In the past couple of weeks, we have examined the topic of grit and how effective practice makes perfect. While practice is important, one must also have passion to develop grit – “the perseverance and passion for long-term goals” (Grit, 2017). Such passions are lasting goals and interests that one may have since childhood often inspired by a teacher or parent. Thus, the educator serves as a muse for the child. In ancient times, a muse was a goddess invoked for inspiration in literature or arts, but today a teacher may be considered a muse for rousing a child to develop a passion in any area.
In Greek Mythology, a Muse is one of the nine sister goddesses of inspiration in literature, science and art (Greek). Each Muse was said to protect a different art and is symbolized with an associated item. For instance, Erato – the goddess of love and lyric poetry – is depicted playing a lyre. These classical muses were considered the “patron goddesses of poets” (Muse Greek Mythology, 2007) and were invoked in many lyrical poems, such as the Homeric epics (GreekMythology). Many shrines, or museums, have also been dedicated to these goddesses (Muse, 2017).
Since the times of the ancient Greeks, the definition and embodiment of a muse has changed. Today, a muse is “a person – especially a woman – who is a source of artistic inspiration” (Muse, n.d.). While it is often writers, painters, musicians or filmmakers who note the muse behind their work, they are not the only ones who need inspiration. Everyone needs a little inspiration at some point to uncover their passions and develop the grit to pursue them. Along the journey of education, a child will likely find something that they are particularly interested in. It takes someone close enough to the child to see their passion and inspire them with the rewards of attention and encouragement; thus, making teachers the perfect example of potential muses.
Teachers – or should we call them modern day muses – are certainly not limited to being female, nor do they only inspire artistic pursuits. They may also inspire endeavors in areas such as science or athletics. Take, for example, Kobe Bryant. Bryant, a star basketball player with several NBA championship rings and a couple Olympic gold medals under his belt, recently called his high school English teacher his “muse” in a pre-game press conference. Bryant has mentioned his teacher as a source of inspiration over the course of his career despite their differing areas of expertise and even saved a message from her as pre-game inspiration:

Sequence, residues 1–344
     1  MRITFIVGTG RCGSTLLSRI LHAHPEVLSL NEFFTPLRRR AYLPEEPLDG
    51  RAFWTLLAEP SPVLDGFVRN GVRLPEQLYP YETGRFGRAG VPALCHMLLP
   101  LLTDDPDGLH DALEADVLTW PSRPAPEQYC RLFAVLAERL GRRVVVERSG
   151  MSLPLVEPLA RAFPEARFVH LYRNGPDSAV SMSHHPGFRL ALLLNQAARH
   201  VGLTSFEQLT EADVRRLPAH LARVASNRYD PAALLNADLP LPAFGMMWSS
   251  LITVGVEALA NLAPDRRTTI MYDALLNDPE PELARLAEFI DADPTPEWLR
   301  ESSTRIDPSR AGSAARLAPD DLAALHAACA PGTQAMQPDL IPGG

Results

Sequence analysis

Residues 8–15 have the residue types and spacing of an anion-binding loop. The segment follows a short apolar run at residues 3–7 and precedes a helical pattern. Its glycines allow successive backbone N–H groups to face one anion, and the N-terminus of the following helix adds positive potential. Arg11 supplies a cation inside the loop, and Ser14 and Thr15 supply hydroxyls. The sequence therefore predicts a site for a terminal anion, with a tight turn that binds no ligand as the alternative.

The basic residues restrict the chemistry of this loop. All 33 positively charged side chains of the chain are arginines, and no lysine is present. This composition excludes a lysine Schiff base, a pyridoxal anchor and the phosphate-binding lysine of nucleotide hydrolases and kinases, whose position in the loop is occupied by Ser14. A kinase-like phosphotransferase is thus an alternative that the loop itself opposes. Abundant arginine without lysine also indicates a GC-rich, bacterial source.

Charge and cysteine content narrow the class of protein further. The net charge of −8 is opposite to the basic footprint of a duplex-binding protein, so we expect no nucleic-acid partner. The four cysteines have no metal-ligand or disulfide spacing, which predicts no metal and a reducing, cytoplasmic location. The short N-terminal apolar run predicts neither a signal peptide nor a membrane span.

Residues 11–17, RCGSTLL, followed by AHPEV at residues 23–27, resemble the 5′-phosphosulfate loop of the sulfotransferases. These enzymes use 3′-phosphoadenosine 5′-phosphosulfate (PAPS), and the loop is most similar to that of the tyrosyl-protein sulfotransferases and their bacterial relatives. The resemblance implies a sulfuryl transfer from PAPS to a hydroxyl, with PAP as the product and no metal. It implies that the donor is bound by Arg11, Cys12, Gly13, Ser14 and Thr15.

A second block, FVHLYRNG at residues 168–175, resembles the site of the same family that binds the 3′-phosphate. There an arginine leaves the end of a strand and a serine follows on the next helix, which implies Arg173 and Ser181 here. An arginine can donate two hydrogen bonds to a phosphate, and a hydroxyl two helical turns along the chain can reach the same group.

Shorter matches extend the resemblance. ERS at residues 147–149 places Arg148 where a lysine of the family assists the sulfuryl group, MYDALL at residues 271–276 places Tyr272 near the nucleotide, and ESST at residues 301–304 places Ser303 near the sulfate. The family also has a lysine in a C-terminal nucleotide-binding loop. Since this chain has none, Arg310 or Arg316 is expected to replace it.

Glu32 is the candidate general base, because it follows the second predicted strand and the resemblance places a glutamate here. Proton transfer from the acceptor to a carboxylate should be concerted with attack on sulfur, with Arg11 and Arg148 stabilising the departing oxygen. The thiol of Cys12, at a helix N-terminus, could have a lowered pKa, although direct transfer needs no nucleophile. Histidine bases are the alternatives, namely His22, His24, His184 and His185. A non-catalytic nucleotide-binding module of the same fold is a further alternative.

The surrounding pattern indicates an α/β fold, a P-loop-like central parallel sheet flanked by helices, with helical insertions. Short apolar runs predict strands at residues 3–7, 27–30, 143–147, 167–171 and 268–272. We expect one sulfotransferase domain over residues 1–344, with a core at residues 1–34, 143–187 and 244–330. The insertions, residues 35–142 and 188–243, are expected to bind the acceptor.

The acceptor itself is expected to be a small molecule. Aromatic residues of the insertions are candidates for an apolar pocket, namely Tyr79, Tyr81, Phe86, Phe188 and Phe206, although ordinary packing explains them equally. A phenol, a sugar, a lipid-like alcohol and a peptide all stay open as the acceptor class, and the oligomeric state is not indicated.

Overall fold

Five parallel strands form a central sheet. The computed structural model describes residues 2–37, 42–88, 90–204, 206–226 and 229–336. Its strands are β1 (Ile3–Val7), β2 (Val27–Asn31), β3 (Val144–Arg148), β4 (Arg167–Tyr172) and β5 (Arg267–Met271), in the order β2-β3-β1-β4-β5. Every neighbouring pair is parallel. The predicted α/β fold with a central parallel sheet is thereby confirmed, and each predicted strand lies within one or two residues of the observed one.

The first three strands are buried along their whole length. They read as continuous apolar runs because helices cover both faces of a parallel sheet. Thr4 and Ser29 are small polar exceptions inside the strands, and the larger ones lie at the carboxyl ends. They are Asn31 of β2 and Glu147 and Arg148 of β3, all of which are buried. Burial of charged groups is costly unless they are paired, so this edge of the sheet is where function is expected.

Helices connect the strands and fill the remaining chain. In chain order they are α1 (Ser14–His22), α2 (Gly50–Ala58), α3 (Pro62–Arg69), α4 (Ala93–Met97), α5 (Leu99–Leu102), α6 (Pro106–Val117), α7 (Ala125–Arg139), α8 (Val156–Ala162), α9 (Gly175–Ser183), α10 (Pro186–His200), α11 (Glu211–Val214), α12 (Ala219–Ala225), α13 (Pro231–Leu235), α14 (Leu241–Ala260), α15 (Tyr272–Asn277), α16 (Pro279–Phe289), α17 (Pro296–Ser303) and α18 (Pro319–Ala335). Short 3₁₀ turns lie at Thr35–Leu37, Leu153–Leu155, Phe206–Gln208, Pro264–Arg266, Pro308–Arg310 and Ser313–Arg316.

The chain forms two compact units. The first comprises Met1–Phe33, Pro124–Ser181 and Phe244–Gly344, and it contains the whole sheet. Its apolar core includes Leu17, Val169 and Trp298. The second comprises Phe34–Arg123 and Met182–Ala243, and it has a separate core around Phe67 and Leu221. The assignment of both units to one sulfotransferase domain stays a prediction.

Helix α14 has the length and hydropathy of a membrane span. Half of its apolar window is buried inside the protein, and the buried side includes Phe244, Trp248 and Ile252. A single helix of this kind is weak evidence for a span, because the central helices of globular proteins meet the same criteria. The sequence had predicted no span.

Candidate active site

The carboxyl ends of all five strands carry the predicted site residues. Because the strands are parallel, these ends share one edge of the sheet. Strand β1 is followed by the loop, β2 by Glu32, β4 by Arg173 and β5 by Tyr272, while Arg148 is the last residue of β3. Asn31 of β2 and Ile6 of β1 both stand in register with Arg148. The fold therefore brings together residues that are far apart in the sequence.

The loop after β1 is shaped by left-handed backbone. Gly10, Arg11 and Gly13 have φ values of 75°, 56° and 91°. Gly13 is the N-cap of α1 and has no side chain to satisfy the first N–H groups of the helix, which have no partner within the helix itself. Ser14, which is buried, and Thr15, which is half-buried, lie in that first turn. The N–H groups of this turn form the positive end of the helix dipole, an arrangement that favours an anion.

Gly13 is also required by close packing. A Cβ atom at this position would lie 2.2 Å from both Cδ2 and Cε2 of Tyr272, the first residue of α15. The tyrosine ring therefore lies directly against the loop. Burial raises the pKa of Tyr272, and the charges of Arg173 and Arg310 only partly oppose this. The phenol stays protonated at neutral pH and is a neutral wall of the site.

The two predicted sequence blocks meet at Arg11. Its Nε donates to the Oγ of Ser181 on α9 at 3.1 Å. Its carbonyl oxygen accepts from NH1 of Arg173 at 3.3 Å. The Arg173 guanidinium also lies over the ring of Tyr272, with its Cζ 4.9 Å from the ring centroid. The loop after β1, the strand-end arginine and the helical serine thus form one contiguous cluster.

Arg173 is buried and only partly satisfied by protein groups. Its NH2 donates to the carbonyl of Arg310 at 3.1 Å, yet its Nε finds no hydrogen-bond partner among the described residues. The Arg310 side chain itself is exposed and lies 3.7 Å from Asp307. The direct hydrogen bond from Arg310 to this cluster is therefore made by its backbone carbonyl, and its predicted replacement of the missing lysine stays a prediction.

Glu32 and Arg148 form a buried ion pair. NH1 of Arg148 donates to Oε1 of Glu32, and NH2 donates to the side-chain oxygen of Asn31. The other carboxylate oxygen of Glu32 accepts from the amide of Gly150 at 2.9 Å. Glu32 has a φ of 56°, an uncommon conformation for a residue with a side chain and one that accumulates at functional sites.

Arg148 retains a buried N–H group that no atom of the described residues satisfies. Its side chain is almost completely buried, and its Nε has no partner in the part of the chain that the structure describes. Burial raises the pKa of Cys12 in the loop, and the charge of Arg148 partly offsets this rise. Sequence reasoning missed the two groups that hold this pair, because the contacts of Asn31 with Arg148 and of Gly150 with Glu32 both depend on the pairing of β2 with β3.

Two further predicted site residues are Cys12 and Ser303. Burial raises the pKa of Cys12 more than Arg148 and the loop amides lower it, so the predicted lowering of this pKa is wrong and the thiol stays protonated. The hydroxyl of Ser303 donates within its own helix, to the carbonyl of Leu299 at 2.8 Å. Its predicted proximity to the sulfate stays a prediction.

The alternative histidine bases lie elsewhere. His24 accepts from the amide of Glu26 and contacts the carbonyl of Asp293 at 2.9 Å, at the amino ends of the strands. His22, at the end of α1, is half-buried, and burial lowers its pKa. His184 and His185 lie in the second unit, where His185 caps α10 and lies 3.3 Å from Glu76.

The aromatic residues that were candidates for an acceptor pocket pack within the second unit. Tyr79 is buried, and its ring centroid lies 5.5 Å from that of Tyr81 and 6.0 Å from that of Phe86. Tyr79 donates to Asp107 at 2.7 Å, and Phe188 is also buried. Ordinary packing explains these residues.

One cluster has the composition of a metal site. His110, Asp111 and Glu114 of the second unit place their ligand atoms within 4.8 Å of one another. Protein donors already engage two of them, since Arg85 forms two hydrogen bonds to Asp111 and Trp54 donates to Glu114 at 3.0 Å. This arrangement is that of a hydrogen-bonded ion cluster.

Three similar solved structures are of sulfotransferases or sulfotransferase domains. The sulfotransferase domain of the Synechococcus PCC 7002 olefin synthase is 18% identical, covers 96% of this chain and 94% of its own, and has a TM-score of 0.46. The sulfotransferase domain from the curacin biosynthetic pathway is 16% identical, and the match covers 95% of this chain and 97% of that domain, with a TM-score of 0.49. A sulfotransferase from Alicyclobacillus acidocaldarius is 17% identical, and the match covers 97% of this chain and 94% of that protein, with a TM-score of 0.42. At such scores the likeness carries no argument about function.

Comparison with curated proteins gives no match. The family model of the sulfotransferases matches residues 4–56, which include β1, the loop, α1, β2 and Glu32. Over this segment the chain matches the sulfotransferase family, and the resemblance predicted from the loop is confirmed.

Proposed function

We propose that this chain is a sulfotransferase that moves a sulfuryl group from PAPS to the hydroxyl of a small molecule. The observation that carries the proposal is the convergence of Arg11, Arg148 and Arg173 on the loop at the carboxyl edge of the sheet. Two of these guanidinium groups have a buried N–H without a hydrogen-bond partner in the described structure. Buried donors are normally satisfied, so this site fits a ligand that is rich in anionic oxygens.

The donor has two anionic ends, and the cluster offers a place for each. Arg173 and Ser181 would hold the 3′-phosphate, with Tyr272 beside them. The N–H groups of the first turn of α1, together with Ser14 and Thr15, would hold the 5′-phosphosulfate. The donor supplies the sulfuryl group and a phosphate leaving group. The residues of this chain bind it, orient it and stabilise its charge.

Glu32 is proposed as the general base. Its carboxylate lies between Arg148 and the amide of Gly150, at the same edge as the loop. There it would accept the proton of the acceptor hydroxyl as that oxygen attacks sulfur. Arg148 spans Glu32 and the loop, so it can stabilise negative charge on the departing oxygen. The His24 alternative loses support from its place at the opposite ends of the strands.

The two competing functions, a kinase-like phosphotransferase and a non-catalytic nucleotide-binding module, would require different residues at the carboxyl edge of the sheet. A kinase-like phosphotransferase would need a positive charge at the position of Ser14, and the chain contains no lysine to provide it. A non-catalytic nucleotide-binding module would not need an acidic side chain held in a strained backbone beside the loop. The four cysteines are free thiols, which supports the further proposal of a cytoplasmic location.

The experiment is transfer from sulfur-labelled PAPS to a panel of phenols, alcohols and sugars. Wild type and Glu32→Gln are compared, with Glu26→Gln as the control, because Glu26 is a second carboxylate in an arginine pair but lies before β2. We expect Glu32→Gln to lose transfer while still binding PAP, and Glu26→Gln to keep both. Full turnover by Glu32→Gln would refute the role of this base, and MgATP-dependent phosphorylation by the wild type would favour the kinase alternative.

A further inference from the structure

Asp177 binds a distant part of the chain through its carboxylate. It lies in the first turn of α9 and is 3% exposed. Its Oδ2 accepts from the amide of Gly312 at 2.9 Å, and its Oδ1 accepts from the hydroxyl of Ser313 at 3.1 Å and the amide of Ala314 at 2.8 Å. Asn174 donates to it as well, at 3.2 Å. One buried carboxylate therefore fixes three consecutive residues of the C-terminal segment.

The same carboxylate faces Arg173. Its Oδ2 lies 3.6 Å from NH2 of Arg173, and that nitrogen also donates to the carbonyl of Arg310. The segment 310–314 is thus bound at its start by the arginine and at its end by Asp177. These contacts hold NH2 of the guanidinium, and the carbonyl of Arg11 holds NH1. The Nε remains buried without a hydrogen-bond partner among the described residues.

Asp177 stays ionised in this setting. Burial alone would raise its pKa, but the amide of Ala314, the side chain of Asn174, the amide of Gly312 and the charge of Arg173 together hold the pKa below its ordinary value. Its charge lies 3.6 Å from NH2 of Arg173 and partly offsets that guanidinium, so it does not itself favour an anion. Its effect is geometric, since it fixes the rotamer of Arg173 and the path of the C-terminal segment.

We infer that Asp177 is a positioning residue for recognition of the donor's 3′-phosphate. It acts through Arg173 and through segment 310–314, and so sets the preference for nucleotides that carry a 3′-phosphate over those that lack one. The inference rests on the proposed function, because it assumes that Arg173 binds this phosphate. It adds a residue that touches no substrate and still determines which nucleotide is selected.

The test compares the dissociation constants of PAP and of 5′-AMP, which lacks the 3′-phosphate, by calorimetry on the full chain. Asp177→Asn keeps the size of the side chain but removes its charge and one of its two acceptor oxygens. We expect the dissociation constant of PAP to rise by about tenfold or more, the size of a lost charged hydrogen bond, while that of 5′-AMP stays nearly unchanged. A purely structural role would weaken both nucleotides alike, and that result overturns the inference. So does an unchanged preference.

“So January comes, right, and [Bryant] asks me to speak at the dedication for the gym. So we were gathering in this little anteroom. And we were just sitting quietly in the room, and I just brought this article up, and he said, “Yeah, well, you remember, remember when you called me during the Finals?” And I said, “Yes, but the article says we ‘talked.’ Conversation implies that one person speaks and the other person responds.” And he laughs and he says, ‘Well, I’ll tell you: I saved that message and I played it over and over and over again as I was getting ready for the rest of the games.’”
Kobe Bryant’s former teacher, Jeanne Mastriano on a conversation her and the NBA star had prior to a gym dedication at Lower Merion High School (Littlefield, 2015). Jeanne Mastriano, Bryant’s teacher and muse, also commended Bryant for being “remarkably disciplined” during his high school years (Littlefield, 2015) and having a “through line” attitude:
“I have a purpose. Get out of my way. I’m taking this down court and I’m getting it done.”
Ms. Mastriano’s reinforcement had a positive influence on Bryant and his development of grit necessary to actualize his remarkable career. Ms. Mastriano is a model for teachers who want to be muses to their students. Teachers are in the perfect position to be muses to their students, for every day they have the opportunity to spark new interests and elicit inspiration and passion in all of the children that they have the chance to teach. Similarly, parents are continually provided the chance to be muses to their children, as they are very close to their children and can provide them with the necessary recognition of potential and can nurture their enduring passions to develop grit.
– Claire Jaicks & Dr. James Stanfield, Ed.D. (muse)
Grit. (2017). Retrieved March 15, 2017, from https://characterlab.org/tools/grit
Littlefield, B. Meet Kobe Bryant’s ‘Muse:’ His High School English Teacher [Broadcast]. (2015, December 12). Boston, MA: WBUR. Retrieved March 29, 2017, from http://www.wbur.org/onlyagame/2015/12/12/kobe-bryant-poem-jeanne-mastriano
The Muses. (n.d.). GreekMythology.Com. Retrieved March 29, 2017, from http://www.greekmythology.com/Other_Gods/The_Muses/the_muses.html
Muse. (2017). In Merriam-Webster. Retrieved March 29, 17, from https://www.merriam-webster.com/dictionary/muse
Muse. (n.d.). In Vocabulary.com Dictionary. Retrieved March 29, 2017, from https://www.vocabulary.com/dictionary/muse
Muse Greek Mythology. (2007, November 30). In Encyclopædia Britannica. Retrieved March 29, 2017, from https://www.britannica.com/topic/Muse-Greek-mythology
The child who is ‘left behind’ most is the one who leaves school without transition readiness.
Dr. James Stanfield, Ed.D.